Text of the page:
Lake Hume in Australia, one of the countries studied in a new report on global water scarcity. (Rodrigo Vieira / CC BY-SA 2.0)
A new study finds that 4 billion people across the globe suffer water scarcity during at least one month during the year, while half a billion experience it throughout the year.
The research, conducted by scientists at the University of Twente in the Netherlands, indicates that global water shortages are much more severe than previously thought.
Almost 2 billion of those experiencing extreme water scarcity live in India and China, but the study also includes 120 million people living in the United States, mainly in California and other Western states.
From The Guardian:
These water problems are set to worsen, according to the researchers, as population growth and increasing water use - particularly through eating meat - continues to rise.
In January, water crises were rated as one of three greatest risks of harm to people and economies in the next decade by the World Economic Forum, alongside climate change and mass migration. In places, such as Syria, the three risks come together: a recent study found that climate change made the severe 2007-2010 drought much more likely and the drought led to mass migration of farming families into cities.
“If you look at environmental problems, [water scarcity] is certainly the top problem,” said Prof Arjen Hoekstra, at the University of Twente in the Netherlands [...] who led the new research. “One place where it is very, very acute is in Yemen.”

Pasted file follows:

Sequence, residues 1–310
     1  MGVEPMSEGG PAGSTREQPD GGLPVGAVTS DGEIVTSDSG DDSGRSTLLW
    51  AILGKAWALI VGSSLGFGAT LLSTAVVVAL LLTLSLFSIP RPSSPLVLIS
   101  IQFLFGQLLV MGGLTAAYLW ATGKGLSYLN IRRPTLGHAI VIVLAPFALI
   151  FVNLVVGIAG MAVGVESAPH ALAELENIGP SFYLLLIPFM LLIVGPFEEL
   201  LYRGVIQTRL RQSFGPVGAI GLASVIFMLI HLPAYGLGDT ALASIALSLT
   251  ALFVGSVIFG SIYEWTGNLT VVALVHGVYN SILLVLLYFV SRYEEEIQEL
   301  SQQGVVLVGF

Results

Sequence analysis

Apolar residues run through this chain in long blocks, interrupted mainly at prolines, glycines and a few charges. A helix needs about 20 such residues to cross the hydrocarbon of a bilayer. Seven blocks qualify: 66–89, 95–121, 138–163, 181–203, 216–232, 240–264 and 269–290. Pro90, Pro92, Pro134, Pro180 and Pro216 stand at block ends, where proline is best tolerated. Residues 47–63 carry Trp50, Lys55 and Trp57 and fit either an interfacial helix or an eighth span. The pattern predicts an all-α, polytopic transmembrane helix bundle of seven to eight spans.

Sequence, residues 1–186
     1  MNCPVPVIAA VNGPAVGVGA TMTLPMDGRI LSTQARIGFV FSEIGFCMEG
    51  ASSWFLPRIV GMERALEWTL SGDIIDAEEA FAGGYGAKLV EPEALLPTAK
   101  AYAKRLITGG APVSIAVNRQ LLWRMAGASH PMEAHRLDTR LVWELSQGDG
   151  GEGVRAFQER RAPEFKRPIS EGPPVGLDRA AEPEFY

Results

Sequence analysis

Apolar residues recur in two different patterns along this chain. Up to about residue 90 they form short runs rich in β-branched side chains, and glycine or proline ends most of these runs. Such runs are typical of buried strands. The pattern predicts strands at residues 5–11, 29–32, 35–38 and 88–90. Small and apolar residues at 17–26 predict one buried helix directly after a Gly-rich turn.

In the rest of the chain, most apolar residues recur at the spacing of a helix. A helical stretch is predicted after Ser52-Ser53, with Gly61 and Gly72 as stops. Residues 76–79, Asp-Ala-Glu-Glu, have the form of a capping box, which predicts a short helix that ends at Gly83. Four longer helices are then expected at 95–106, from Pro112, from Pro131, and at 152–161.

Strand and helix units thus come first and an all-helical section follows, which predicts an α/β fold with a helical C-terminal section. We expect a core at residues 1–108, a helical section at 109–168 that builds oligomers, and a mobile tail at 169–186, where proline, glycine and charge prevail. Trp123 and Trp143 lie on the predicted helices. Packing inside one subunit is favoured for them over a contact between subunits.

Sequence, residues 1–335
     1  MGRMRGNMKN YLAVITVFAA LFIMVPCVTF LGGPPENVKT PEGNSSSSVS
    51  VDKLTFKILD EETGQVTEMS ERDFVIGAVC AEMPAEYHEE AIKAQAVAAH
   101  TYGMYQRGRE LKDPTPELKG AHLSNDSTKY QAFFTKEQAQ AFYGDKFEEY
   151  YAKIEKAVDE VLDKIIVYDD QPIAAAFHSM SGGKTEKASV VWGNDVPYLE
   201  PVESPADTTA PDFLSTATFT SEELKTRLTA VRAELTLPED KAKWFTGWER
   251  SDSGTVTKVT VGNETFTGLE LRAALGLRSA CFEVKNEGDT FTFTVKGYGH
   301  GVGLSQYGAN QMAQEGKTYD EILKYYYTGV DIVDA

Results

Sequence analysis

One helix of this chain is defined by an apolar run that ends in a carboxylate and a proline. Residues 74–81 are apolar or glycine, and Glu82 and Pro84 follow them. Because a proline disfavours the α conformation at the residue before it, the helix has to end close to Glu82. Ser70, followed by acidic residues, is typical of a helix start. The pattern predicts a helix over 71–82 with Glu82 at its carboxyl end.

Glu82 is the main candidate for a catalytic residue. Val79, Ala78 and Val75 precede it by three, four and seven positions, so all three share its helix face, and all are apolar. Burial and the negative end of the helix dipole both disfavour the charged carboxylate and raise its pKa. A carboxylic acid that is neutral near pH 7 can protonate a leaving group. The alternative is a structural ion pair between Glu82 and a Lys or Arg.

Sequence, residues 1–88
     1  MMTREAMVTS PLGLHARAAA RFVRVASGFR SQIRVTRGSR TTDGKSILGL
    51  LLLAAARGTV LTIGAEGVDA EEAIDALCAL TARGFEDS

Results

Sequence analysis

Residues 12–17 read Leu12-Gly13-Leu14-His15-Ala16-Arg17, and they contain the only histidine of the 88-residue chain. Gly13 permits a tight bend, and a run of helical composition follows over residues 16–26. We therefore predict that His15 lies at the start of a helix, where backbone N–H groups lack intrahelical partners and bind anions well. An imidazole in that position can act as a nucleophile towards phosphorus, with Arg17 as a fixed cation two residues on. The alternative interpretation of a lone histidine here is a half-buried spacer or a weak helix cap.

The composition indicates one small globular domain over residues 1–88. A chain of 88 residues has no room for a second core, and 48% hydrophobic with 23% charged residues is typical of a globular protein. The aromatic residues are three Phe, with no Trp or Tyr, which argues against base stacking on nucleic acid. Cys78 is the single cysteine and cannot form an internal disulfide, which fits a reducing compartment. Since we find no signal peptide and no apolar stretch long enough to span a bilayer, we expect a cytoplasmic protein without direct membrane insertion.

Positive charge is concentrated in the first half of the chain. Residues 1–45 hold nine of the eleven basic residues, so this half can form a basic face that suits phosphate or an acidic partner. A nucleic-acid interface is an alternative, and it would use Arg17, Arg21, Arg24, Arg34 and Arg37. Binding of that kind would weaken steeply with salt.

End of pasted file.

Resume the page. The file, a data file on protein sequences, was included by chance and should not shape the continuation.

Yemen could run out of water within a few years, but many other places are living on borrowed time as aquifers are continuously depleted, including Pakistan, Iran, Mexico, and Saudi Arabia.
Hoekstra also highlights the Murray-Darling basin in Australia and the midwest of the US. “There you have the huge Ogallala [aquifer], which is being depleted.” He said even rich cities like London in the UK were living unsustainably: “You don’t have the water in the surrounding area to sustain the water flows” to London in the long term.
The new study, published in the journal ‘Science Advances’ on Friday, is the first to examine global water scarcity on a monthly basis and at a resolution of 31 miles or less. It analysed data from 1996-2005 and found severe water scarcity – defined as water use being more than twice the amount being replenished – affected 4 billion people for at least one month a year.
“The results imply the global water situation is much worse than suggested by previous studies, which estimated such scarcity impacts between 1.7 billion and 3.1 billion people,” the researchers concluded. The new work also showed 1.8 billion people suffer severe water scarcity for at least half of every year.
Read more here.
—Posted by Roisin Davis
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